‘Clandestine Goldman Sachs Group Inc (GS) Tapes’ lead to policy overhaul at Citigroup Inc (C)

Citigroup Inc (NYSE:C) had announced yesterday that it will be reviewing its conflict of interest policies for investment bankers. This information comes right after Goldman Sachs Group Inc (NYSE:GS) had notified its investment bankers that they would be barred from trading in individual stocks and bonds. Bloomberg’s ‘Market Makers’ Anchor, Erik Schatzker, talked about this development and the significance of its timing on the channel’s ‘In The Loop’.

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Schatzker explained that these policy changes at Citigroup Inc (NYSE:C) were fueled by the release of secret recordings made by Carmen Segarra, a former examiner of the Federal Reserve Bank of New York.

“These are the clandestine recordings made by the former bank examiner for the New York Fed and among other things, they have turned the spotlight on conflict of interest policies on Wall Street and found them to be wanting,” he said.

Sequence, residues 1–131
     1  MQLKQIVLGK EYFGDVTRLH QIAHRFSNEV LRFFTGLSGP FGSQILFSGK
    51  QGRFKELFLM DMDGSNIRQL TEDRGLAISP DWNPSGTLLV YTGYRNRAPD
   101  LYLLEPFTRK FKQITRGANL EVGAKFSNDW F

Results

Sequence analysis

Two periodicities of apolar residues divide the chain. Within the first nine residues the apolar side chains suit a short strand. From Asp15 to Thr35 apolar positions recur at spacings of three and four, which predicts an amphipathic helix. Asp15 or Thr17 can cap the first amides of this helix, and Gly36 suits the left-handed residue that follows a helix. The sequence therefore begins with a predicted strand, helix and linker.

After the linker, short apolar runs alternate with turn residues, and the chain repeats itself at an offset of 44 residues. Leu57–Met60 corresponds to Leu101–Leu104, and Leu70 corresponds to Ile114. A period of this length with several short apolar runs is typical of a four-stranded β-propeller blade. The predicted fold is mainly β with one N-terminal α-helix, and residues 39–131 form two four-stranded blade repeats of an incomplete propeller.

Segarra also claimed that she was pressured to alter her conclusion that Goldman Sachs Group Inc (NYSE:GS) did not have a conflict of interest policy in place and was fired following here refusal to comply.

Schatzker pointed out that though investment bankers working for banks such as Citigroup Inc (NYSE:C) and Goldman Sachs Group Inc (NYSE:GS) claim that they work for the benefit of their clients; they do try to reap personal benefits that might harm the bank or the clients. A conflict of interest policy exists to make sure that such a situation does not arise.

“The whole point of having a conflict of interest policy is to prevent employees from doing things for personal benefits that injure the company or its clients,” he explained.

So, if what they say is true, then all banks must have clearly defined conflict of interest policies in place. This, however, is not the case and a deadlock arises when employees start wondering why they should be denied the chance to trade in stocks or bonds.

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